On the south bank of Little River was Michael Reed on his labor tract opposite his league which was located on the north bank at Reed’s Lake. Two single sons, William Reed, and Jefferson Reed, lived with their father. William had selected a one-fourth league on the south bank of Little River, and Jefferson had selected a one-fourth league on the north bank. Next and above the Reed settlement was the league of John Fulcher. Nearly eight miles above Fulcher’s was the league selected and occupied by Orville T. Tyler.12

Homesteading in Texas

All eight of us homesteading families built and lived in what was considered an old-time frontier pioneer log cabin. Some families built a single log room, but since we had a family of eleven people, Papa built a cabin with two rooms with a passage way between. The entire house was roofed with boards held in place by weight poles. Some of the houses had floors made of split logs laid flat side up, known as “puncheon” floors. Some houses had only the dirt floors. The houses were built with small square openings which served a dual purpose for ventilation and as port or gun holes for defense against the attack of Indians. We used the pelts of fur-bearing wild animals as floor coverings and for winter clothing.

Families came prepared to be homesteaders on their new land. They usually brought an ox-wagon, a team of one or two yokes of steers, two or three saddle horses, a few head of cattle and hogs, and some farm implements. In addition to tools needed for farming, the families also brought kitchen utensils and household goods. Most families brought a supply of sugar, flour, coffee, salt, molasses, bacon, and tobacco. Nearly every family brought an “English steel mill,” which, when set up and bolted to a post or tree and operated by a hand crank, ground the family supply of corn meal.

The woodlands and streams around us provided a constant source of food. The woods were full of wild game such as bear, deer, turkeys, and small game. In the winter great herds of buffalo came down from the northwest country. The woods were also full of wild honey, grapes, plums, berries, pecans, and walnuts. And the streams afforded good fishing.

For fresh meat, and for self-defense, Papa and our neighbors relied on their old flint-lock rifles, the powder horns, and the leaden bullets, molded at home.

As soon as the cabins were finished so that we all had shelter, Papa and the other men began immediately to clear, break, and fence small patches of land in the bottoms near the streams, which provided water, building and fencing materials, and offered better protection from the Indians, who preferred the open country for their operations.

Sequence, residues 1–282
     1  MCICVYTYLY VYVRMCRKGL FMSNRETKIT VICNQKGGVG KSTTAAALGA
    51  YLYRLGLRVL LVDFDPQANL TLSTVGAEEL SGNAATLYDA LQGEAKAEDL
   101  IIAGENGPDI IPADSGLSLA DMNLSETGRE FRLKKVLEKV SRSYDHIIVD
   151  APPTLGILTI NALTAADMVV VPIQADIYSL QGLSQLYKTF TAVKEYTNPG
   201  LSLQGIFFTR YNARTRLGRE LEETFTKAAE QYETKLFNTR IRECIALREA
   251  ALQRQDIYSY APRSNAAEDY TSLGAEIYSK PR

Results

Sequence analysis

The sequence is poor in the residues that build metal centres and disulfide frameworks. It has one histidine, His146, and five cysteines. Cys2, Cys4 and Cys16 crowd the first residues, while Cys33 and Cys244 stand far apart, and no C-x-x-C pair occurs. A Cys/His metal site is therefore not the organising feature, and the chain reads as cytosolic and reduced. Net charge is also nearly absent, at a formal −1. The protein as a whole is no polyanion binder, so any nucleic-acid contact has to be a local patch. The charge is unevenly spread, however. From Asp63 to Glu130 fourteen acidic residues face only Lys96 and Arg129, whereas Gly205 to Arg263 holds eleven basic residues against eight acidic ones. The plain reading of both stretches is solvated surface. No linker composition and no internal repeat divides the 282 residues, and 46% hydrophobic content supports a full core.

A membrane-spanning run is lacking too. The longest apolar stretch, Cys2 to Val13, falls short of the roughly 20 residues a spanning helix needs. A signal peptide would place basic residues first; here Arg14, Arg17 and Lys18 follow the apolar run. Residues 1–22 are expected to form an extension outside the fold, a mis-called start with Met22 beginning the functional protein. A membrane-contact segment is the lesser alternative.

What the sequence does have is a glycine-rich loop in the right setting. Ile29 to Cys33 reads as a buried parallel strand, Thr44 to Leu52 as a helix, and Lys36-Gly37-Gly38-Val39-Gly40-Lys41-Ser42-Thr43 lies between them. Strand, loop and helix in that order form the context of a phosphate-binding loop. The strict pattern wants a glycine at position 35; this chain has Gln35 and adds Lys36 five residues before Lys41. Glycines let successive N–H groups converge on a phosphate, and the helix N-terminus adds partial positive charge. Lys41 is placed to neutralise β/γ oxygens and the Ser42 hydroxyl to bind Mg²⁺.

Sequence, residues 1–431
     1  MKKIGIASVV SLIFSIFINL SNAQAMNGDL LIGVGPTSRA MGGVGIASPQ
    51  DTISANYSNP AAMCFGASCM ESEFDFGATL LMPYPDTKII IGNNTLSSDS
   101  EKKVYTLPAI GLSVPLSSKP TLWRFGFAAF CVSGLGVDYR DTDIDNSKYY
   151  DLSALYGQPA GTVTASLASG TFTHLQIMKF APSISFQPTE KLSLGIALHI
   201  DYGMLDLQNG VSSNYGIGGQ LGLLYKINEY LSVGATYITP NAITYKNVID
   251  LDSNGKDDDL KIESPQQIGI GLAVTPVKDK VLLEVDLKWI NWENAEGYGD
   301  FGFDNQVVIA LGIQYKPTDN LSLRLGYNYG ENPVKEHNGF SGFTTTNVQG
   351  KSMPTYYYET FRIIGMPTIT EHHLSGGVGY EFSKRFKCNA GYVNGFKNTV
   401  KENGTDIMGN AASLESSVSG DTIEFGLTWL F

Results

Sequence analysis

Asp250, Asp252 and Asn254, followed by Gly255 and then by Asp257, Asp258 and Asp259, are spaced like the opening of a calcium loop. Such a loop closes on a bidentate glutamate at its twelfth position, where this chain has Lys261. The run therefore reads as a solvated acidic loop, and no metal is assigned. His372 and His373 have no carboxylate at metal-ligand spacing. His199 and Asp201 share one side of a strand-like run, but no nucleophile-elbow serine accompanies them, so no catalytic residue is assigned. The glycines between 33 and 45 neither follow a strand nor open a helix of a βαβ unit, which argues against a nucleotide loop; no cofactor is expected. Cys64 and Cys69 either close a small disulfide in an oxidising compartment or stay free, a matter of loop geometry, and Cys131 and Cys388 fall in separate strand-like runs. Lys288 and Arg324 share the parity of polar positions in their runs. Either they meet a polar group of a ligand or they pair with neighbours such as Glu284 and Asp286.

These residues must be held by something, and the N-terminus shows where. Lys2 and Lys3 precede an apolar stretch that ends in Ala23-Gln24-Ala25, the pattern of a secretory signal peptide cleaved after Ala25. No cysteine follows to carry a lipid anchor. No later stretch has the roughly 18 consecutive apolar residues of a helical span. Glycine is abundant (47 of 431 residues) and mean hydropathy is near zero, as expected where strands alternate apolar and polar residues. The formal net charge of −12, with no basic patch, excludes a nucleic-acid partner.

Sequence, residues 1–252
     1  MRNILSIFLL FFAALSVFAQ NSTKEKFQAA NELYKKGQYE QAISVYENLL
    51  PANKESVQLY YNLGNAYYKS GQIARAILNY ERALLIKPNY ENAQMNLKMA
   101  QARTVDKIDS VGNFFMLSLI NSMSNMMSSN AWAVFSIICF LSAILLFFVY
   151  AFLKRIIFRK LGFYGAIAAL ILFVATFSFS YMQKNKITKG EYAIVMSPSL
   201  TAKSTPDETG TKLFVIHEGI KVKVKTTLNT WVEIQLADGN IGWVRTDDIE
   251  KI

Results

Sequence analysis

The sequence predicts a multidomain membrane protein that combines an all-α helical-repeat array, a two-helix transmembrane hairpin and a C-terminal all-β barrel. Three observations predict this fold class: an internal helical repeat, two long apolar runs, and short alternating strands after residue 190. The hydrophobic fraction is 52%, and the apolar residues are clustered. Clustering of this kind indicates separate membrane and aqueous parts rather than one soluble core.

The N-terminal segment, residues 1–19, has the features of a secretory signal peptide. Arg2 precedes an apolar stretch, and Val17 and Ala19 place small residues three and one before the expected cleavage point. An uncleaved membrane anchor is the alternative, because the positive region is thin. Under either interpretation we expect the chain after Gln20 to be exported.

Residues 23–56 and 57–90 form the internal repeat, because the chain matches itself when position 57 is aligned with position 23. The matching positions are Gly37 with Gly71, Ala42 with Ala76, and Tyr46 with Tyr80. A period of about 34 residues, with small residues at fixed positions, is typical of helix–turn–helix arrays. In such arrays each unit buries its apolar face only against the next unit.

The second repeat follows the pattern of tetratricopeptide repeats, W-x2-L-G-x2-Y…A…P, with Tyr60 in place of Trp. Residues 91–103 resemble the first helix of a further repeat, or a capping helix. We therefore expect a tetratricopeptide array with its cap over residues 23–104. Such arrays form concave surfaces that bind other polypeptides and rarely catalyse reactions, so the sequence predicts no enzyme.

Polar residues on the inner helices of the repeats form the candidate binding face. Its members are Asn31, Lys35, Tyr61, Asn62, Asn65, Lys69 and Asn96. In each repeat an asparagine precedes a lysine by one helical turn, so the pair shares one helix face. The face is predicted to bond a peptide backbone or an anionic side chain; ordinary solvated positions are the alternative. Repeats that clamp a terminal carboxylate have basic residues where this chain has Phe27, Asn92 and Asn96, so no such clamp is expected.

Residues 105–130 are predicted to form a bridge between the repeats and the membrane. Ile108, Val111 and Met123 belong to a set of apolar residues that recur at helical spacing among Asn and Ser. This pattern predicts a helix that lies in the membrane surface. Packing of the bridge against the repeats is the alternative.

Our living conditions would not have been bad, if only we could have been free from the menace of Indians. There were the hostile Indians who resented the white settlers and would attack without provocation, but there were also the friendly Indians who just seemed to want to be around the white settlers. I remember vividly of a time in the summer of 1835 when a large party of friendly Lipan Indians came into our valley and set up their tepees near our home. As was the custom, our family invited them to spend the day and that evening Mama cooked a good dinner to share with our guests. A few days later, the Indians invited our family to share a feast with them in their tepees. This was the first time I had been inside a tepee. The dirt floors were covered with rugs made of the skins of bear, buffalo, and deer, like the floor covering in our homes. The Indians were nicely dressed and were friendly and gracious hosts. They served a good dinner of corn bread, venison, honey, and coffee.13

Caroline Childers Tyler's story is continued in Part 2 of this article.

By Charlene Ochsner Carson
Page last updated: April 9, 2024


  1Story of Bell County, Texas, Volume I, Bell County Historical Commission, Eakin Press, Austin, 1988, pp. 392-393.
  2Tyler, Goerge W., History of Bell County, edited by Charles W. Ramsdell, The Naylor Company, San Antonio, 1936, p. 6.
  3Ibid, pp. 6-7.
  4Ibid, p. 7.
  5Story of Bell County, pp. 392-393.
  6Tyler, p. 8.
  7Ibid, p. 17.
  8Ibid, p. 14.
  9Ibid, pp. 12-14.
  10Ibid, p. 2.
  11Ibid, p. 17.
  12Ibid, pp. 18-19.
  13Ibid, p. 13.